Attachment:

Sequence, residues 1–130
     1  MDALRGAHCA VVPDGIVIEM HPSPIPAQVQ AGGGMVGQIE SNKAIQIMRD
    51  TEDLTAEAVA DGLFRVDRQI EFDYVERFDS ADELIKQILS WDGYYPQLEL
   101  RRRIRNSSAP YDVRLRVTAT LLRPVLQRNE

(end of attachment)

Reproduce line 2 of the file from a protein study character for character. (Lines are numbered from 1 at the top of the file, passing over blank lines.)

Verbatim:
     1  MDALRGAHCA VVPDGIVIEM HPSPIPAQVQ AGGGMVGQIE SNKAIQIMRD